An example is its daily Sydney services which depart from Singapore at 01:45. The timing does not allow for good connections from the group's short-haul services arriving at Changi and it has since switched three flights to a 10:00 departure.
With a single brand, Lee also expects to drive further synergies such as cost savings through joint contracts, and more pertinently, better returns.
"The real power of the single brand is found in the top line. The returns can be much more attractive for one brand when you factor in the amount of energy and resources invested."
Scoot also wants to grow its ancillary revenue, which currently accounts for 20% of its total earnings. Lee adds that the carrier has dedicated teams exploring new opportunities and ways to improve the take-up rates of existing products.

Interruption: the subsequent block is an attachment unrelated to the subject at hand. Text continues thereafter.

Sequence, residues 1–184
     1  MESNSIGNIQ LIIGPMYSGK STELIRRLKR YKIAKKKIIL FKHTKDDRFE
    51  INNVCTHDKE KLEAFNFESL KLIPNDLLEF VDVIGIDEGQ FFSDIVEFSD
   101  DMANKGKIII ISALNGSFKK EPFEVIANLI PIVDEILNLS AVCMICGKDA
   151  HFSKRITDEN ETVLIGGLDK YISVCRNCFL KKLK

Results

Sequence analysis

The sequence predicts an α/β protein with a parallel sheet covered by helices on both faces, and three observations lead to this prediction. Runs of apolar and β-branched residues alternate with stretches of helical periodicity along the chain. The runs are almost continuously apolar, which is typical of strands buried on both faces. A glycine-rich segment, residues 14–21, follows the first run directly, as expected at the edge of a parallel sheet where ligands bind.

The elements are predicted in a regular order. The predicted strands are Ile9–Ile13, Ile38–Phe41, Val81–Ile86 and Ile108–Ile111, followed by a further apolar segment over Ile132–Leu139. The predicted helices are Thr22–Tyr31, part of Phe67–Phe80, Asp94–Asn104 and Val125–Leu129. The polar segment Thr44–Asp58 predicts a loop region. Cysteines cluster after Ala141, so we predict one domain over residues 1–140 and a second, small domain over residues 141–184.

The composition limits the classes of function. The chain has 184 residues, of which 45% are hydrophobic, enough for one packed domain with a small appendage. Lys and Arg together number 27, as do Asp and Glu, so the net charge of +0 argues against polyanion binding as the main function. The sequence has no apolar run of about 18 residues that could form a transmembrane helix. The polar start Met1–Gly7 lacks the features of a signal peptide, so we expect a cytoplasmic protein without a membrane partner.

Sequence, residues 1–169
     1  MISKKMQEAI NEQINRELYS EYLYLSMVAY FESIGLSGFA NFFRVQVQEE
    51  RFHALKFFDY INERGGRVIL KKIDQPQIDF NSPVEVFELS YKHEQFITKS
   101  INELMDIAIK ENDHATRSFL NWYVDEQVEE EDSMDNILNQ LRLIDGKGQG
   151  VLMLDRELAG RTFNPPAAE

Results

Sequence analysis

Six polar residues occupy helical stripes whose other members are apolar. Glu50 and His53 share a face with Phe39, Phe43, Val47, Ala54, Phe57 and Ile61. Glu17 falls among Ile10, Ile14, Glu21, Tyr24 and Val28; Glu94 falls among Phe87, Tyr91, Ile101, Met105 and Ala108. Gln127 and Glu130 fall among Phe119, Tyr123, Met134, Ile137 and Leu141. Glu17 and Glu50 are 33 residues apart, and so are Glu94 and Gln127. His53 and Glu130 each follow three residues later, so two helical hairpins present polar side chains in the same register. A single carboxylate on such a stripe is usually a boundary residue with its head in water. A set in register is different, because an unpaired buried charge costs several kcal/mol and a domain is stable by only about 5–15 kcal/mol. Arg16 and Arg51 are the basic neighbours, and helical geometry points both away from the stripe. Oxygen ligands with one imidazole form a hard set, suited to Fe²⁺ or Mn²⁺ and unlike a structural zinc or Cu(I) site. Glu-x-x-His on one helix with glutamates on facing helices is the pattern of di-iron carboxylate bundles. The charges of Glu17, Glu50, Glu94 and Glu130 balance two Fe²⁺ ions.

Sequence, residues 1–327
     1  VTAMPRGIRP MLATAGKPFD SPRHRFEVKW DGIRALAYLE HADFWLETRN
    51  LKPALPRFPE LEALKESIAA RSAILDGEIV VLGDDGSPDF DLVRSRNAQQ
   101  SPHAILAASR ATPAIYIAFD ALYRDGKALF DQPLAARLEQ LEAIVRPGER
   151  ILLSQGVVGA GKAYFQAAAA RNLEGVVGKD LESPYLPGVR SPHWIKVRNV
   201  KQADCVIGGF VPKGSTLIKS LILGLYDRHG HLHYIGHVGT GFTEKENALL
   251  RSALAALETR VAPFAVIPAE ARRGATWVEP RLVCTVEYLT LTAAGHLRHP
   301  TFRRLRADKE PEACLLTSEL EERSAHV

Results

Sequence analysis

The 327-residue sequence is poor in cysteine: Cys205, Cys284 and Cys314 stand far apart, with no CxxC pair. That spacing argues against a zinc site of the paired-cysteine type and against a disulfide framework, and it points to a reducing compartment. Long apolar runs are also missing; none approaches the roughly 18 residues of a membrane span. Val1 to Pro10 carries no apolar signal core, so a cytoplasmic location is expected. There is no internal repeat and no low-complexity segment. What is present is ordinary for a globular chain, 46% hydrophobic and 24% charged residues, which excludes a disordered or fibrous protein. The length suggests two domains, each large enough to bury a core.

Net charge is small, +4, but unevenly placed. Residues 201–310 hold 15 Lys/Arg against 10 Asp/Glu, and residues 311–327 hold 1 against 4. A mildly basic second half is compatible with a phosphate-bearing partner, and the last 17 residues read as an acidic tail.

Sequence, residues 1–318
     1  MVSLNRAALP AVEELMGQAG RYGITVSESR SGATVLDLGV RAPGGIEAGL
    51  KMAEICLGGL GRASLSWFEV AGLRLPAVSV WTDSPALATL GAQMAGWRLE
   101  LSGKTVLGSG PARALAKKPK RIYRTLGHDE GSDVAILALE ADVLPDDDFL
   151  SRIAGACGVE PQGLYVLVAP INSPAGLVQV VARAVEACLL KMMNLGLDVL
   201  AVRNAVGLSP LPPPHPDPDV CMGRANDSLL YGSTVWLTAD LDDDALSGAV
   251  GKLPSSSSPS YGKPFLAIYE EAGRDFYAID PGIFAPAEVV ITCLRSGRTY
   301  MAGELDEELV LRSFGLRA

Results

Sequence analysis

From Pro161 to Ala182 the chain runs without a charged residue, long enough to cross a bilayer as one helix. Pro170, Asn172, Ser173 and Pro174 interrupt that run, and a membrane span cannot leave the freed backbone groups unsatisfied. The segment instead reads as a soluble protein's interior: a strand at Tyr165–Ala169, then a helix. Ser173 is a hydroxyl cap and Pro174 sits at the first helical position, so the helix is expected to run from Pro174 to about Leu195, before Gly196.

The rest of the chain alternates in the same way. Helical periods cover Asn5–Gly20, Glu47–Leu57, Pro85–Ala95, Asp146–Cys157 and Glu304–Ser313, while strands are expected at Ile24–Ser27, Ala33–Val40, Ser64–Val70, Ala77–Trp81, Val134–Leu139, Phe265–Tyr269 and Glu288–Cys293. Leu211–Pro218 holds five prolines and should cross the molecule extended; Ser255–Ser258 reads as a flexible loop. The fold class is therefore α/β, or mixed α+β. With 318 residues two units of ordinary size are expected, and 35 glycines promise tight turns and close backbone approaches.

There is, however, no "silver bullet", but a lot of trial and error before a successful product is born.
One product Scoot is adamant it will not feature is lie-flat beds in its business class cabin, which its nearest low-cost long-haul rival, AirAsia X, has on its Airbus A330s.
"For the kind of real-estate space that a lie-flat bed occupies and the relatively premium charges that are needed to earn a return... we think it would not sit [well] with our customers," Lee elaborates, since leisure travellers are its main target audience.
Unsaid, however, is the fact that Scoot also needs to be careful not to cannibalise SIA's premium market.